:: dana & the media world ::

The Triumph of the Divine Ms. Dana
May 11, 1998

The morning after Dana International's stunning victory in the Eurovision song contest, the British newspapers were jam-packed with details of her life history, including the sex-change operation, the controversy she arouses in Israeli society, even the story of the court injunction that almost prevented her from participating in the contest. Even before her triumph, Dana expressed the hope that her exposure in this international (primarily European) competition would land her recording contracts in the UK. Dana International's popularity in the United Kingdom was strongly felt at the betting shops, where she was the odds-on favorite, far outdistancing her competitors from France, the Netherlands, Malta, Switzerland, even the UK itself. Dana won first place for Israel in a tough, nail-biting near-photo-finish that she fought out with the representatives of Malta and the UK.

Malta, an island-state with only a quarter of million inhabitants, saw the Eurovision contest as a wonderful opportunity for international exposure, and its representative, Kiara, who sang "The One I Love," claimed that 98 percent of Malta's citizens were glued to their television screens during the Eurovision broadcast. Kiara, whose musical career is based on her appearances in TV commercials, is not an experienced or even a well-known singer.

By contrast, veteran professional Imaani, who led the United Kingdom to third place, has already appeared with artists such as James Brown and Michael Bolton and with groups such as Incognito and the Pretenders.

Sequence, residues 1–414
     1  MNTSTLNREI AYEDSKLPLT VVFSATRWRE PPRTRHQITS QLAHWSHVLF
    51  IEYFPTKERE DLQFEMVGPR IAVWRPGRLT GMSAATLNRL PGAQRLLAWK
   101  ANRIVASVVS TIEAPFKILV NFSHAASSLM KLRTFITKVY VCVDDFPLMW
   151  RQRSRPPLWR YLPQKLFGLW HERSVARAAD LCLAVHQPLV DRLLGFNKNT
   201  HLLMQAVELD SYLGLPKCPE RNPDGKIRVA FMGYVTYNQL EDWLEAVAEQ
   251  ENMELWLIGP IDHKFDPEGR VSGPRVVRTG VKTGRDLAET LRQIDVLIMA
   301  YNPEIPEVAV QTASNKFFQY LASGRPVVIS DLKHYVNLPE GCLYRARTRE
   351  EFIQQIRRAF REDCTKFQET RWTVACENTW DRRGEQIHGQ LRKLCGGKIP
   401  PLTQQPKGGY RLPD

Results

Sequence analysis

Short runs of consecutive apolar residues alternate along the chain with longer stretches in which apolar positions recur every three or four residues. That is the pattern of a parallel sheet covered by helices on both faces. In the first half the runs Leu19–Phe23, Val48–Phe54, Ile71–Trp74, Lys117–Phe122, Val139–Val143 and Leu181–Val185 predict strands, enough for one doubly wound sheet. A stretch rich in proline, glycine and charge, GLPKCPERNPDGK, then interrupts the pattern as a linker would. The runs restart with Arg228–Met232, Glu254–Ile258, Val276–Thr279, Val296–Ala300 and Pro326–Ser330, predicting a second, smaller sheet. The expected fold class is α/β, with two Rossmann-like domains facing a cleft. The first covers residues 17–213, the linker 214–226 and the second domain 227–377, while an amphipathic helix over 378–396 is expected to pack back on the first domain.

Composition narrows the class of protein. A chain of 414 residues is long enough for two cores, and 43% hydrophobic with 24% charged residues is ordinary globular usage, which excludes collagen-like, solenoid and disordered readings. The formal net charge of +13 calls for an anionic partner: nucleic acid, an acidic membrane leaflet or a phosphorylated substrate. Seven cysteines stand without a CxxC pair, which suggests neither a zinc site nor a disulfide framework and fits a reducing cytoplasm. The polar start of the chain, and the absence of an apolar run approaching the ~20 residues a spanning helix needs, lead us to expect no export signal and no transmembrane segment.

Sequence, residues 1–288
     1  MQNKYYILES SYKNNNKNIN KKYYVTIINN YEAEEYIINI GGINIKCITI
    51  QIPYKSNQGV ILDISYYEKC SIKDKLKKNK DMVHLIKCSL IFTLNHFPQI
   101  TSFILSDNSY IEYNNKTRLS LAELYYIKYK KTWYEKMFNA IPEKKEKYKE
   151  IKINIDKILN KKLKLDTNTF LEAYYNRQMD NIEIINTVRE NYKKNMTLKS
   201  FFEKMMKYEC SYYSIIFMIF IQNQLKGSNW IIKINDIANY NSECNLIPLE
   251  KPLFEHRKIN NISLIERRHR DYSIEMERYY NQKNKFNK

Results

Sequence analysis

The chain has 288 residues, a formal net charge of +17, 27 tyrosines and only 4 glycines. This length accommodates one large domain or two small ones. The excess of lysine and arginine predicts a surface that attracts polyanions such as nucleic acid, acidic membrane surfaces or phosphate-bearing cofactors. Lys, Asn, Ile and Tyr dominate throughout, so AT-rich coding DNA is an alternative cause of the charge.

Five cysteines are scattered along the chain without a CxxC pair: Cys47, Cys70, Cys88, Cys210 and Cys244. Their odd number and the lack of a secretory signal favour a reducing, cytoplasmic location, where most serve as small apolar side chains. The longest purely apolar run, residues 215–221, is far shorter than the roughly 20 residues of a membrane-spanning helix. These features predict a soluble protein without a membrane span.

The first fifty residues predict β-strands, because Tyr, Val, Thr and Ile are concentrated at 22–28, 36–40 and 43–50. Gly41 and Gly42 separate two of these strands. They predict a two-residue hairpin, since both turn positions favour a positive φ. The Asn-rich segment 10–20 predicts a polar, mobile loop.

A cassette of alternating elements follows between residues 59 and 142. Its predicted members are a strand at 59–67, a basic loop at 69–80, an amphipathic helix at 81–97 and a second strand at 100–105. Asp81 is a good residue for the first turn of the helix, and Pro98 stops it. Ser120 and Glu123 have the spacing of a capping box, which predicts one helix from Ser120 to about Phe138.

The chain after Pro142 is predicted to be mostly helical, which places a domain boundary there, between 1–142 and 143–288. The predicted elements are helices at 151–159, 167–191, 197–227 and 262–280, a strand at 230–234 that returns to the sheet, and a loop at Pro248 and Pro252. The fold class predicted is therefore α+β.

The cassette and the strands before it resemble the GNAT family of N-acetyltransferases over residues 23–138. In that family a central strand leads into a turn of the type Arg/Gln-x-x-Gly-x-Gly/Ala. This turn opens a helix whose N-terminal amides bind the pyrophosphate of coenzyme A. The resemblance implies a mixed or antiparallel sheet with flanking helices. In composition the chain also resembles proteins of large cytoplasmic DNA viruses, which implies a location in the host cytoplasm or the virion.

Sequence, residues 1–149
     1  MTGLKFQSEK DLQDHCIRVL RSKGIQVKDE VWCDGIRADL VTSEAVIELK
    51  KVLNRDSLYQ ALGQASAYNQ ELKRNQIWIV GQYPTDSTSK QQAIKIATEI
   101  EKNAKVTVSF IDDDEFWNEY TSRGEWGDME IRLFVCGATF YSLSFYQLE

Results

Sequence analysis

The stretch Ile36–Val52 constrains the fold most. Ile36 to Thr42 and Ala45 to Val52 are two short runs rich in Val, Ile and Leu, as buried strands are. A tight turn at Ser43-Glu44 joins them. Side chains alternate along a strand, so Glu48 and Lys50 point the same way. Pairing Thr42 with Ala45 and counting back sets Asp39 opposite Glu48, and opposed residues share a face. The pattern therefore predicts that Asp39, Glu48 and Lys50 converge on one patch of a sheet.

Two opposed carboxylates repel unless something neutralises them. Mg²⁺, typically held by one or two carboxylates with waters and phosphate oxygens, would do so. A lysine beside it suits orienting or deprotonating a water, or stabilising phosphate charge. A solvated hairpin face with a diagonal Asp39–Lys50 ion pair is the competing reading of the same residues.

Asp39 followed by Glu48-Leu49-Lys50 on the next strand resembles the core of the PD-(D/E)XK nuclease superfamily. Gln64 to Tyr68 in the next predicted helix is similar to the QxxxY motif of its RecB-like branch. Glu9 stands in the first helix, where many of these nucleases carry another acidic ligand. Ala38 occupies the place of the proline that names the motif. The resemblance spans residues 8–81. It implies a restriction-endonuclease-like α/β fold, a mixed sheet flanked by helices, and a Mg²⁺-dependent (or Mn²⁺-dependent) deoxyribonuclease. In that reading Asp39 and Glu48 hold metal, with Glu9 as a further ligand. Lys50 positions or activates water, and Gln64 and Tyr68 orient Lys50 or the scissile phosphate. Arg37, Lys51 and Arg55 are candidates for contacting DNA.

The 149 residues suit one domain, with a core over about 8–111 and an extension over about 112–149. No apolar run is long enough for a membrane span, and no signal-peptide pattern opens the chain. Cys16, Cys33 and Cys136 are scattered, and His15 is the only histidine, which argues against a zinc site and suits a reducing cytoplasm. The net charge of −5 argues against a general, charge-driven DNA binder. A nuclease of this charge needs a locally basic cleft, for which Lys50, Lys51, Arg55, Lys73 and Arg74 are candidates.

Dana, who appeared in a tight-fitting dress (for her victory reprise, she switched to a feather creation designed by Jean-Paul Gaultier), was a natural in this year's song contest, which was dominated by raven-haired women with beautiful figures and skin-tight gowns. As has been the case every year, Eurovision 1998 featured white pianos, electric guitars and, of course, conductors with mustaches and pony-tails.

Dana was unquestionably the undeclared star of the evening and, even before her win, had already become an cult figure among the patrons of the UK's gay bars and nightclubs. German singer Guildo Horn also had a troop of fans who very much wanted to see him and his group, the Orthopedic Elastic Stockings, in first place. The fans included Guildo's look-alikes, who, on the week of the contest, had won a Guildo look-alike contest held in Germany and who came to the UK to meet their idol.

The British Broadcasting Corporation, which produced this year's Eurovision show in the city of Birmingham, commissioned the services of renowned set-designer Nick Trainer, who built the stage, and composer Gustav Holst, who wrote "Jupiter", the grandiose entertainment show, which featured African and Indian dance troupes, a Welsh male choir, wind instruments and a Scottish bagpipe company, and which was intended to showcase the many facets of British culture. Other participants in the show included celebrated violinist Vanessa May, opera singer Lesley Garret, and Swedish-born moderator Ulrika Jonsson. The BBC paid the trio approximately 5 million pounds.

This was Israel's third win in the Eurovision, comparing quite favorably with France and the UK (each with five wins) and with Ireland (with seven). "Dana International's achievement was very moving. In recent years we have not suffered from an abundance of events in which we could take pride as a nation," notes Uri Porat, executive director of the Israel Broadcasting Authority, who feels that "much of the credit for the victory goes to Dana and to the other artists".

The IBA might have difficulty producing the show in Jerusalem next year (the additional prize that Dana has netted for Israel) because a production of that scale could cost somewhere in the area of $10 million. According to Porat, in addition to high technical costs involving telephone voting and satellites, much needs to be invested in human resources and creative work: "Failure in this type of production must never be allowed to occur, because we would end up disgracing ourselves before hundreds of millions of viewers and making Israel look very bad internationally."

by Dafna Levi-Yanovitz, Ha'aretz

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